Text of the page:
Executive Director's Corner

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About Mr. Beyan Kota

Dedicated to achieving equality in opportunities for the blind and others with disabilities in Liberia, Beyan G. Kota stands out as Liberia’s CBR representative ensuring the enjoyment of all rights for full social inclusion and participation in development.   

 

Under his visionary leadership, he brought together a group of young blind and partially sighted students along with few dedicated sighted and professional Liberians, to revise the degenerating plight of the blind in Liberia, and has contributed so much to improving the quality of life for the blind in Liberia that it would be difficult to recite the smallest numbers of his contributions.

Mr. Kota is a pioneer in the field of disability activism and advocacy.  He is a revolutionary in advancing inclusive equitable quality education for special need students and others with disabilities, and particularly initiated public awareness regarding the rights of the blind and their vital role as rights holders, and what right they have to be in society. Through his efforts as a champion of civil rights and his work as a founding father of the Liberia Christian Association of the Blind, he led blind people of Liberia through the dawn of equal opportunity to a place that he called the “Promised Land for the blind”.  It is a land situated east of Monrovia, on the Monrovia Roberts-field highway where blind people are given the opportunity to acquire the skills and confidence, they need to be fully productive and independent. Mr. Kota’s life is perhaps the most valid testimony to what people can achieve if given the opportunity. Mr. Kota has not simply claimed this gift for himself. He shares it with thousands of others. As a result, blind people today have the opportunity to live independent and fulfilling lives. His life and work continue to benefit many blind people and by extension persons with disabilities and Liberians as a whole. Individuals with disabilities and other well-wishers who shared Mr. Kota’s vision of equality will honour his life by continuing to advance new avenues of opportunities for all Liberians.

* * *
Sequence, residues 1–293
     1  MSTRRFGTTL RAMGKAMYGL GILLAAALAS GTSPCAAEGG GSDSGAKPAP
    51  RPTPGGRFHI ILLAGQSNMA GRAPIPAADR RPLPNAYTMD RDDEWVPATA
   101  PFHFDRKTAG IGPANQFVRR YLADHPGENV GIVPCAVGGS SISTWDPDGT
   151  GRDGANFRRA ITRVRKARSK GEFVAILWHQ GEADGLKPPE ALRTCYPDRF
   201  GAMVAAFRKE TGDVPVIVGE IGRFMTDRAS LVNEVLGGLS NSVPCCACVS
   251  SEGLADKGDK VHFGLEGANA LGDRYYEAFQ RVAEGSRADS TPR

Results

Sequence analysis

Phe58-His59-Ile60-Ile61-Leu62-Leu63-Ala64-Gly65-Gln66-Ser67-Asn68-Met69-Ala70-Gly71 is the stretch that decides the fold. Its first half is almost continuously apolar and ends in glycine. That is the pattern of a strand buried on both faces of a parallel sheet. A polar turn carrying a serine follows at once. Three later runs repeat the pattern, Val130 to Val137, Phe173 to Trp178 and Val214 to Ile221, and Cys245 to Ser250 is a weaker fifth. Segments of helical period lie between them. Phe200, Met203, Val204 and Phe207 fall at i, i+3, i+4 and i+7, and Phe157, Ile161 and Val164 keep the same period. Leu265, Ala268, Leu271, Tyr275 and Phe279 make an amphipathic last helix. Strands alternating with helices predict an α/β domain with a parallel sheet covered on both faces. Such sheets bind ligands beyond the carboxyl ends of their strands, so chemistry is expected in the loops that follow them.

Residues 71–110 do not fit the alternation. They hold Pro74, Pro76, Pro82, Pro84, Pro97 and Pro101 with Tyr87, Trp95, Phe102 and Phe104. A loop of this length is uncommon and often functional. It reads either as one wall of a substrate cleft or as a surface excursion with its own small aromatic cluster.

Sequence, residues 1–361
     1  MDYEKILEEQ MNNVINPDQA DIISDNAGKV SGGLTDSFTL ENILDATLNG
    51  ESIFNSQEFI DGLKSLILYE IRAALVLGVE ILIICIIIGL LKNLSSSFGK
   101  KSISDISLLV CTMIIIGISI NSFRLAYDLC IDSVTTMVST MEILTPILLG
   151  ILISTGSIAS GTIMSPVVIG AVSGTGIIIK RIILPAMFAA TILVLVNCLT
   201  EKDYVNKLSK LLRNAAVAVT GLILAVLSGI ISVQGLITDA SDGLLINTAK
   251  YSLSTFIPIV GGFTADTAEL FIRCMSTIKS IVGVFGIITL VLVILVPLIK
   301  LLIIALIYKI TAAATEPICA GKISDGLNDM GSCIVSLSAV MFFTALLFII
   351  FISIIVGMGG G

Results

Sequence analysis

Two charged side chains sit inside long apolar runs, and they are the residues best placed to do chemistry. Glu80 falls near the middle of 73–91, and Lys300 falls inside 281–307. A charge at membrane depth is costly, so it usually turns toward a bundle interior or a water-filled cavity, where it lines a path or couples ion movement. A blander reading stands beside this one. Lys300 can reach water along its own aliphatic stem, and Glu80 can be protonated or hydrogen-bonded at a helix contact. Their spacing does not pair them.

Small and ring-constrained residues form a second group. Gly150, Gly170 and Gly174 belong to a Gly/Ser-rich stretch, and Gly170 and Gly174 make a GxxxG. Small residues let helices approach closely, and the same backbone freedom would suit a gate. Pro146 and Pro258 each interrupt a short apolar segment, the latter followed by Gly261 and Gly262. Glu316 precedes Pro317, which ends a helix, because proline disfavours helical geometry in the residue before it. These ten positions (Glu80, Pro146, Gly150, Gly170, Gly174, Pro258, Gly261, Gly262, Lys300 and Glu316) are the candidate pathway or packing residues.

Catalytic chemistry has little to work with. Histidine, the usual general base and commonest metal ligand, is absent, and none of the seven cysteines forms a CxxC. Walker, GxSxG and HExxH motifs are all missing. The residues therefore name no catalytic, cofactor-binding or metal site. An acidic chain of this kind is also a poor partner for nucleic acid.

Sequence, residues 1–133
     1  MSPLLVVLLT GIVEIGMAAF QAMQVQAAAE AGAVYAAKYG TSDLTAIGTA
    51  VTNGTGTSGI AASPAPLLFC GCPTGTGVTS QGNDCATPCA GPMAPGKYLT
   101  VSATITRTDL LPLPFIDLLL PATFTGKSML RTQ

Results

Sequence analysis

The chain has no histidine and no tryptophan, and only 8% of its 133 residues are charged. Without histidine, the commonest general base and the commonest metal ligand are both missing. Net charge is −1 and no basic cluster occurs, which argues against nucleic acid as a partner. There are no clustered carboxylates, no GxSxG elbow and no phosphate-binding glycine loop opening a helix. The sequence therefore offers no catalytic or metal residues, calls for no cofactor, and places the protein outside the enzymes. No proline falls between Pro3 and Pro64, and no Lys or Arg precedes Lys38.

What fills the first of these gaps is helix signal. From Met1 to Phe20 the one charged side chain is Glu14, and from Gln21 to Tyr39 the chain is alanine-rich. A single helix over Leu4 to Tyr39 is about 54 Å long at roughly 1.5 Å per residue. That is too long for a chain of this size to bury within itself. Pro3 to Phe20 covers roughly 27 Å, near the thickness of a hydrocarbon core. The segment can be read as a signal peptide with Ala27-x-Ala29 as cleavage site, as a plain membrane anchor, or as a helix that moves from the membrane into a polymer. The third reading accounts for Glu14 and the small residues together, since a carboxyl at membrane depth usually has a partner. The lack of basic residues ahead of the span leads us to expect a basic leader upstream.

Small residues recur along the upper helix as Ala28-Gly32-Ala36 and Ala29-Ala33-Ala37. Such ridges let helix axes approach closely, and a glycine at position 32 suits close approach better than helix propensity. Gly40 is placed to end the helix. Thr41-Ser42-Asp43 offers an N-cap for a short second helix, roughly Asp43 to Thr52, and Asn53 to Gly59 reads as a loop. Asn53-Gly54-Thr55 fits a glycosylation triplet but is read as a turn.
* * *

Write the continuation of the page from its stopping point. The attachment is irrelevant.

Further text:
In 2005, he brought into being Liberia’s state commission on disabilities the formation of which yielded a measure of understanding and hope that would have not existed without his inspiration and guidance. Beyan Kota, as he is commonly known, is a builder who can take a piece of deteriorated property and transform it into a valid asset. He did so when he transformed a forest land into a community of development, and research for the blind and partially sighted where dedicated professional sighted people work together with others for the common good of the blind in Liberia. Mr. Kota in 2003, provided similar leadership to the National Union of Organizations of the Disabled by revitalizing the Union and developed the blueprint for its institutional functionaries.